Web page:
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Gerry Ritz — Beef Salesman

Canada’s ag minister has put market access for beef on the priority list in Ottawa

The people at the Canadian Wheat Board don’t like him much but cattle producers have reason to be thankful that Gerry Ritz is the federal minister of agriculture.

It traces right back to January 9 when Mr. Ritz accepted the Beef Value Chain Roundtable recommendation to create a market access secretariat within Agriculture and Agri-Food Canada that will direct the efforts of industry, government and producers to open up new markets for agriculture commodities.

Almost as soon as he got the ball rolling with the secretariat he jumped on a plane to test out the concept at the head of a trade mission to India and Hong Kong. On January 16 he announced a new staged agreement expanding access for Canadian beef to the lucrative market of Hong Kong. For the first four months processors can ship rib cuts and most bone-in products from cattle under 30 months of age.

After the initial four months, and if Canadian product continues to meet Hong Kong requirements, processors will be given the go-ahead to sell rib cuts, boneless beef and offal from all Canadian cattle. If all goes well to the end of the year Canadian exporters will have full access for beef products from cattle under 30 months of age including such high-value cuts as T-bones and porterhouse steaks.

The Hong Kong Centre for Food Safety began processing order for bone-in beef product under 30-months in early March. This agreement is significant for a couple of reasons. For one thing it is the first time Canada has sought out a staged agreement. Up to now Canada, like the U. S., has been asking importing countries to accept OIE recommendations and grant full access for all beef products once the Specific Risk Materials have been removed.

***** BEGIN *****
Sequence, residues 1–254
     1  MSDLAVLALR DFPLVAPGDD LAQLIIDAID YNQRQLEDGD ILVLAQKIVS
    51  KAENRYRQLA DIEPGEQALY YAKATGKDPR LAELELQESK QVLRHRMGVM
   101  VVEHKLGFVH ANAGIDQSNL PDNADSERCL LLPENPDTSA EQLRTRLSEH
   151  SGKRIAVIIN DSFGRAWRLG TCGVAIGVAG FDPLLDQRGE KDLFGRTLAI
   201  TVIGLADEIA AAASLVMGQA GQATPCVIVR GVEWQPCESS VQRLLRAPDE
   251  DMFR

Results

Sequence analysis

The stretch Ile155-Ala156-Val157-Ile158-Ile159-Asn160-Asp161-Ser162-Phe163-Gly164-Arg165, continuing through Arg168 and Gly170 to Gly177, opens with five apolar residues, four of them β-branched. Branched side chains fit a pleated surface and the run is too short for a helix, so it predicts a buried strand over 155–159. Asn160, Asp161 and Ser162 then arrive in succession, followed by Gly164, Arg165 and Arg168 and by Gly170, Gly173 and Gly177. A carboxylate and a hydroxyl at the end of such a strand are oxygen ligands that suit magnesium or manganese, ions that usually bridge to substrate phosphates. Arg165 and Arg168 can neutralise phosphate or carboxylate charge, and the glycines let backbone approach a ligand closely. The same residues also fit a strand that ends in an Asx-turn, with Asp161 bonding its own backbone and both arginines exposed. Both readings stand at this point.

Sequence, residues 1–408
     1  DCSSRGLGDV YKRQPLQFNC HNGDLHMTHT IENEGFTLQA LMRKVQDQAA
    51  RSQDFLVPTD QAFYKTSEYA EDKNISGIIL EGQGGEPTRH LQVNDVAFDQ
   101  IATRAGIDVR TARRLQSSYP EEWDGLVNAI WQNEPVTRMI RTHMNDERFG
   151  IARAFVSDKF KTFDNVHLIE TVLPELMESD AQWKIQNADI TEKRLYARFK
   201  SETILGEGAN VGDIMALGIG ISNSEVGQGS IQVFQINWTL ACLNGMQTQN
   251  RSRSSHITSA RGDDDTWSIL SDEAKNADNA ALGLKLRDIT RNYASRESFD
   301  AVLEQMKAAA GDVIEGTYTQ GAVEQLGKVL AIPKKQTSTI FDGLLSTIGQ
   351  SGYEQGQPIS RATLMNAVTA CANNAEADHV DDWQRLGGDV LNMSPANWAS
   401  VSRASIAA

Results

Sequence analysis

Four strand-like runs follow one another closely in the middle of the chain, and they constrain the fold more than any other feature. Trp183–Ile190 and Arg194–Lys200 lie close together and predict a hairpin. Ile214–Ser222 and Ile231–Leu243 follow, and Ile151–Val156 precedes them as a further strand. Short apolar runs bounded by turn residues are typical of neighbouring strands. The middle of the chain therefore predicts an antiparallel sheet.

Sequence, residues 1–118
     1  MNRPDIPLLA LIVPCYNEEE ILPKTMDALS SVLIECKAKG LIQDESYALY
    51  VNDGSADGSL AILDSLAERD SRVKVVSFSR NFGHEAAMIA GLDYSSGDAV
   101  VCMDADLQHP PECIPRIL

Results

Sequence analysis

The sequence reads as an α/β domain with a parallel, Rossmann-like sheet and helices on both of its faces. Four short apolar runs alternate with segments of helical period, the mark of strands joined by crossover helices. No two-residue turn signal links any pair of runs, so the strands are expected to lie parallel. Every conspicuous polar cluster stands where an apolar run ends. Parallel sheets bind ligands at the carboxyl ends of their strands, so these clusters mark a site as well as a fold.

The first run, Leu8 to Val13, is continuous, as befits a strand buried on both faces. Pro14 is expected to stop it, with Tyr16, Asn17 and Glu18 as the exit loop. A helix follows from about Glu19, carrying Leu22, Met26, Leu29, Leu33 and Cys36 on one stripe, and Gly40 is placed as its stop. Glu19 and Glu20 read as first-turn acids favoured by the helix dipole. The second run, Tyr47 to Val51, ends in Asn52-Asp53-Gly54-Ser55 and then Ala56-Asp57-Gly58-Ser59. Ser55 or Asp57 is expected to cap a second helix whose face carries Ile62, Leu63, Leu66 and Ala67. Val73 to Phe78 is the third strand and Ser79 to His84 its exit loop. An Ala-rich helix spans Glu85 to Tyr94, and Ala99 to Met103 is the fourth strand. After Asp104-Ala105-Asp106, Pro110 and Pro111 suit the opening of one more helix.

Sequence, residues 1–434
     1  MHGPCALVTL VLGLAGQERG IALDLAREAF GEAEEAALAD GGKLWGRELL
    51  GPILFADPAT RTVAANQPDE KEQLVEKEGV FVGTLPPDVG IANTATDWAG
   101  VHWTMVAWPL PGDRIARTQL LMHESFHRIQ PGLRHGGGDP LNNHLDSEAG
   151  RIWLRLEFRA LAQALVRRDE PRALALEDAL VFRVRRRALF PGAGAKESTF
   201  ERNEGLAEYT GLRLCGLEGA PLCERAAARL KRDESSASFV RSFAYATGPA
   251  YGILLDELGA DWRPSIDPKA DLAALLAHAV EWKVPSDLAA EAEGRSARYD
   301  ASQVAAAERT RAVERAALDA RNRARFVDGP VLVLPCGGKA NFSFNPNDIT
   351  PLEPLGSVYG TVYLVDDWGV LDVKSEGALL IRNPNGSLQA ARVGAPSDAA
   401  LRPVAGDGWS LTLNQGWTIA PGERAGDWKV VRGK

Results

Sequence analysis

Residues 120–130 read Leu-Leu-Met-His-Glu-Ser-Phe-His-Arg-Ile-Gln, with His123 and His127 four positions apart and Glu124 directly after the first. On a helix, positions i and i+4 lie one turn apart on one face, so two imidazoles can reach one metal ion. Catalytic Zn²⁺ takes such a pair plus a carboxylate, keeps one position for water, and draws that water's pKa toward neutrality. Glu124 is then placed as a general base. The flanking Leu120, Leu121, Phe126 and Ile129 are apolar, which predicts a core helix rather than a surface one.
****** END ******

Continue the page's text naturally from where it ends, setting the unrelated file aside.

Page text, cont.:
This policy of opting for partial access as a starting point was recommended by the industry-led Beef Value Chain Roundtable back in November and it seems to have been a smart move.

Hong Kong has been accepting boneless beef from Canada since November 2004 but bone-in cuts are a very large part of the business in that part of the world. So there is every hope that this new deal with lead to a sharp increase in the 17,000 tonnes we sold them last year.

Equally important is the fact that Hong Kong is a gateway to Mainland China. Many of the meat purveyors based in city also distribute product into China and other parts of Asia. That can’t hurt. On the official front negotiations on a China-Canada import protocol for beef have been going nowhere.

One additional side-benefit to this deal is that it might gives us a foot in door for bone-in cuts with other Asian markets, notably Taiwan and South Korea. In this way Ritz, by his efforts to get personally involved in the Hong Kong negotiations, sent an important message that the Canadian government is standing behind its beef industry.

This message was received loud and clear by the U. S. meat trade. Last month in one of his regular statements on world markets, U. S. Meat Export Federation president and CEO Phil Seng noted that the U. S. has some “catching up to do in terms of market access” in Hong Kong. Canadian boneless beef was approved by Hong Kong a full year before the U. S. negotiated similar access. Since then we have been steadily losing market share in that market to them. He says this latest agreement once again gives Canada a leg up on the U. S. is this lucrative market.

It is up to Canadian processors to capitalize on that advantage. In the meantime Gerry Ritz continues to pry open new markets for their product.

February 3, Canada secures full access for beef and cattle exports to Jordan. It isn’t a big market, maybe $1 million a year according to the Canada Beef Export Federation, but it’s a start in a part of the world with large export potential for certain cuts. And it adds one more market that accepts the OIE standard for exports from countries with a controlled risk of BSE. February 17, Saudi Arabia agrees to accept boneless beef under 30 months of age and continue negotiations toward full access for Canadian beef. This deal is struck after Ritz meets with importers and the Saudi agriculture minister.

March 23, Minister Ritz arrives home from a quick trip to Seoul, South Korea where he gave their trade and agriculture ministers an ultimatum: come up with a reasonable schedule for negotiations to open their market to Canadian beef by the end of March or face the consequences. Canada, he says, is ready to put the Free Trade Agreement with S. Korea on hold or begin the process of a WTO trade action in order to open this market for your beef.

I can hardly wait to see Mr. Ritz ends up next.

About the author


Gren Winslow

Gren Winslow is a past editor of Canadian Cattlemen.

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